Silver Peak is putting the enterprise branch office on a diet, and making it smarter and more secure with the addition of routing, security and analytics to its SD-WAN solution.
With today's announcement, the Silver Peak Systems Inc. 's EdgeConnect SD-WAN solution now includes SD-WAN, WAN optimization, BGP routing protocols and stateful firewall. In addition, a new feature called First-packet iQ automatically identifies packets and steers them directly toward the Internet or a regional hub or data center firewall. (See Silver Peak SD-WAN Solution Displaces the Need for Branch Routers.)
To date, Silver Peak has announced that Masergy Communications Inc. and Interoute Communications Ltd. are using its products to deliver SD-WAN-as-a-service to their customers. In addition, it has 350 enterprise SD-WAN customers, including Apple, AT&T and Mazda, among others. (See Silver Peak Stakes SD-WAN Claim.)
While Silver Peak has only announced those two service provider customers, the company's senior vice president of products, Damon Ennis, says the company has been "overwhelmed" by the number of service providers that want to use its technology to deliver SD-WAN as a service because of the opportunity to generate service-oriented revenue, something Light Reading has been heard a number of times over the last two weeks. (See MetTel: Market Skips PoCs to Hurry SD-WANs.)
"They see it both as a threat and a huge opportunity," he says. "It's been a long time since MPLS hit the wide area network and since there's been any force for change. We went from private line, to frame relay to MPLS and stayed about MPLS for 15 years."
This trend of adding capabilities to SD-WAN is not a new one. SD-WAN is being combined with security and analytics with the goal of creating what's called a "thin branch." Enterprise IT departments need to tie their branch offices into public cloud applications without having to deploy a large number of boxes that must be operated and managed.
"You are trying to get rid of managing all this stuff at the branch," says Brad Casemore, research director, Data Center Networks, IDC. "You want to simplify management of branch devices and you can do that through consolidation and the incorporation of features such as SD-WAN, WAN optimization, routing and stateful firewall."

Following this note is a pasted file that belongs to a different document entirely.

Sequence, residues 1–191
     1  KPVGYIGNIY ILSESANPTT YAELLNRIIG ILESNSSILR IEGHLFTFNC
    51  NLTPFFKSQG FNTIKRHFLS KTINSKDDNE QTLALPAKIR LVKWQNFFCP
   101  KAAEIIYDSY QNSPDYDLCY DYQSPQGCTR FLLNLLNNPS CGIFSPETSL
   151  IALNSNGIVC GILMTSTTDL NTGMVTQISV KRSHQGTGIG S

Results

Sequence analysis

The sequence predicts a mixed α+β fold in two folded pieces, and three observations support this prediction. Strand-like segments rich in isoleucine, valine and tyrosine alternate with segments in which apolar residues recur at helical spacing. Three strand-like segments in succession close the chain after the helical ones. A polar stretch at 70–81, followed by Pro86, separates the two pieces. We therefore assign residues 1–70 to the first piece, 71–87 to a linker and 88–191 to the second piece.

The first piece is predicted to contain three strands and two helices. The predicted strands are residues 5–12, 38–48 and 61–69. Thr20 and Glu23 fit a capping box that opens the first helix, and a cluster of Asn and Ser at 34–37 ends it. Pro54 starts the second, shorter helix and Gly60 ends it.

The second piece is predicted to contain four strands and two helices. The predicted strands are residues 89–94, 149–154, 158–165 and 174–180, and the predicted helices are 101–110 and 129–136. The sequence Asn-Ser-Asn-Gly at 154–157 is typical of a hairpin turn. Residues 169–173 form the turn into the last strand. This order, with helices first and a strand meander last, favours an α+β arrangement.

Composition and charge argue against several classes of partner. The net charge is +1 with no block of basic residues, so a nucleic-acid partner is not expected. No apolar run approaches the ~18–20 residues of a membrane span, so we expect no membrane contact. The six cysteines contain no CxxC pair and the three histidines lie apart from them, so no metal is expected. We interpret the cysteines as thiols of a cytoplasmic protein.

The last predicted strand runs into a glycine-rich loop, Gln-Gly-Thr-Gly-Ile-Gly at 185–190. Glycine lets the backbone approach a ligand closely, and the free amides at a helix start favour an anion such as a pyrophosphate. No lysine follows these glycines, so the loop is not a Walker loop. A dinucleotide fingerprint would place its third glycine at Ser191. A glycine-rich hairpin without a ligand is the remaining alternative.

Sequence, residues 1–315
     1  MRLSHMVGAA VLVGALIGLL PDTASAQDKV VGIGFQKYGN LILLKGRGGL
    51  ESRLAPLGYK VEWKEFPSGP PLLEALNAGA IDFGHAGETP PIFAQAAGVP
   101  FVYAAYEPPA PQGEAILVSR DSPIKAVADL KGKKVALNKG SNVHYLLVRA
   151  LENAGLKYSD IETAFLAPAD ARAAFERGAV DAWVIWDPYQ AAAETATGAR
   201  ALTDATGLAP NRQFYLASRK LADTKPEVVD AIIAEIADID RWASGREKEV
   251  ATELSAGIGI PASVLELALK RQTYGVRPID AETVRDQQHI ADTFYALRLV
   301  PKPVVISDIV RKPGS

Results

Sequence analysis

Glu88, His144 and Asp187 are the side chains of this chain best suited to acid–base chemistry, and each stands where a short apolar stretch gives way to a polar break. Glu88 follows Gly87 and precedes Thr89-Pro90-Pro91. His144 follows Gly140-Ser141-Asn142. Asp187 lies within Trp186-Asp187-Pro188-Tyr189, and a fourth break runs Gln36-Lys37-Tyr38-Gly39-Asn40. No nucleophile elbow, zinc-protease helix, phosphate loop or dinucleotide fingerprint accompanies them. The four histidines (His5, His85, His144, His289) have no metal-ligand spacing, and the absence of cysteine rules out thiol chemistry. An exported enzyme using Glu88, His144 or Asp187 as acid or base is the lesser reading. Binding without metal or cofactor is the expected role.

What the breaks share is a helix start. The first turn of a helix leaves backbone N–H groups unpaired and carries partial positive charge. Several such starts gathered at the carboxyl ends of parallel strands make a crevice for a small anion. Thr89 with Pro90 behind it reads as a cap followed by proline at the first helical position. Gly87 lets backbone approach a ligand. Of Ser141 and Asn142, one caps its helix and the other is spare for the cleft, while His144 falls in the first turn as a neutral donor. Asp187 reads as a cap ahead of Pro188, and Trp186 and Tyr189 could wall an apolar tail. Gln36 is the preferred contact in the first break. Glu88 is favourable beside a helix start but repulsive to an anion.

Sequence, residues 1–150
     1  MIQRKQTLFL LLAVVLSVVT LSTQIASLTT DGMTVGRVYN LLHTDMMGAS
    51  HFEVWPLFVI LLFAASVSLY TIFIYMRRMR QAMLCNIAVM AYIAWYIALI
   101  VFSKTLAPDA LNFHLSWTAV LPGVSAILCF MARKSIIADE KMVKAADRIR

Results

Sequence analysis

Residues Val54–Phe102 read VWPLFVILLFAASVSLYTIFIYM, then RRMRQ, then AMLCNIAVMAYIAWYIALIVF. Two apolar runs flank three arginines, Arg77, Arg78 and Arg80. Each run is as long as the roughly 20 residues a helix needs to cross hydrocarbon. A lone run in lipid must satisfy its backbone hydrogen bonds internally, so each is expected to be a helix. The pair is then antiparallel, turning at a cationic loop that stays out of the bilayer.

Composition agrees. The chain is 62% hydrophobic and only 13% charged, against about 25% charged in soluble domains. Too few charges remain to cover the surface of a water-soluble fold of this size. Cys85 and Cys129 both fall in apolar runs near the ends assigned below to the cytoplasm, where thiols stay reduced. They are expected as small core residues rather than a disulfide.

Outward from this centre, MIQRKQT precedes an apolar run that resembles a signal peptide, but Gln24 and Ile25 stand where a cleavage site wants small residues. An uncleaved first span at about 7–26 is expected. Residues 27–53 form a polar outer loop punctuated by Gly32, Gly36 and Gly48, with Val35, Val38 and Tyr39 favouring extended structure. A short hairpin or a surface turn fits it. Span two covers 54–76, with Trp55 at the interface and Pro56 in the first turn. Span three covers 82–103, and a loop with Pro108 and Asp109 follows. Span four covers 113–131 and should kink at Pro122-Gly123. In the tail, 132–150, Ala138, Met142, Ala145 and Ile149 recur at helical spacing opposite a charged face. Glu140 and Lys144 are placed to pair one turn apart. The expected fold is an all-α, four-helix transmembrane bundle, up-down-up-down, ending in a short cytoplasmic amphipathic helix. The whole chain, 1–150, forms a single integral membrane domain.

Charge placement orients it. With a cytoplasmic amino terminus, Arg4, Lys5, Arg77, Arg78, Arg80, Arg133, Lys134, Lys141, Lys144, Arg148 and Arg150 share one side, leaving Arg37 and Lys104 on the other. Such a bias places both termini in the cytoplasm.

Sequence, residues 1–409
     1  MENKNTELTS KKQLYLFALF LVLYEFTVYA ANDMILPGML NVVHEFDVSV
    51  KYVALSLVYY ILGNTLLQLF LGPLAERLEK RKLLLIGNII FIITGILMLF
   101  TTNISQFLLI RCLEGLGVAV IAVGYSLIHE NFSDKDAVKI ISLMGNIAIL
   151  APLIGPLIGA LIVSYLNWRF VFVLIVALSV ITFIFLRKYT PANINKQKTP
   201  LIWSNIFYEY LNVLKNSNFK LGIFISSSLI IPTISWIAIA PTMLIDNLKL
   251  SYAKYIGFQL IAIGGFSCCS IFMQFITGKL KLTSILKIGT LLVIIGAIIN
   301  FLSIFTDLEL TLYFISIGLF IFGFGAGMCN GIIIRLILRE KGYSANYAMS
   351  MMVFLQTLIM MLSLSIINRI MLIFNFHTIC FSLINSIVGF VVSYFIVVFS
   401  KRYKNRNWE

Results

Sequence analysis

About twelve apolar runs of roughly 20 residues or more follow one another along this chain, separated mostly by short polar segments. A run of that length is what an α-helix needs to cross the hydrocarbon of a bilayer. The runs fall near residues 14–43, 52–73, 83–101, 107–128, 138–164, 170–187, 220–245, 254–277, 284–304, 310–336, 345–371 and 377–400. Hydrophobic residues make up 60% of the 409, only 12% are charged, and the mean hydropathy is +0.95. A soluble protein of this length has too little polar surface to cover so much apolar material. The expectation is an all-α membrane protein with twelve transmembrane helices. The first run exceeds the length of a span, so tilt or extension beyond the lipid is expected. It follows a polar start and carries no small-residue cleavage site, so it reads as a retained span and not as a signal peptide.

According to Casemore, Silver Peak is on the right track in terms of its overall objective to consolidate functions. "For enterprises for whom the thin branch is an objective, these functions make a lot sense and will resonate with those customers," he says.
Whereas SD-WAN was initially thought of an overlay that abstracts the transport network and provides application-driven policy for branches, it's evolving to be more about analytics and visibility and informing that application policy, says Casemore.
"We are starting to see that more and more -- it's what [Silver Peak is] doing with their First-packet iQ; steering trusted traffic direct to the Internet and offloading other traffic that may or may not be suspicious to a regional hub or data center firewall for additional inspection." he says. "These are ways that SD-WAN will be refined and enhanced going forward to provide even more in the way of automated operation and intelligence."
And by the way, don't expect the flurry of SD-WAN news to slow down any time soon -- it's a key indicator that considerable market consolidation is afoot, according to Casemore. "We'll see some of it this year and of course it will continue into 2018. It's why you see such an intensification of announcements and releases and customer wins from all these vendors -- there is a feeling out there among vendors themselves that consolidation will come relatively quickly to SD-WAN."
No one vendor has a definitive market share to give a clear indication of the clear survivors but Casemore says the winners will likely be "certain vendors who come from WAN optimization like Silver Peak and Riverbed Technology Inc. (Nasdaq: RVBD) who are definitely commanding an installed base and a significant customer base."
Among the startups, he says some are going to prosper and others are not -- but the ones that don't prosper will be acquisition targets for bigger companies that either want to bolster their SD-WAN capabilities or to enter that market.
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— Elizabeth Miller Coyne, Managing Editor, Light Reading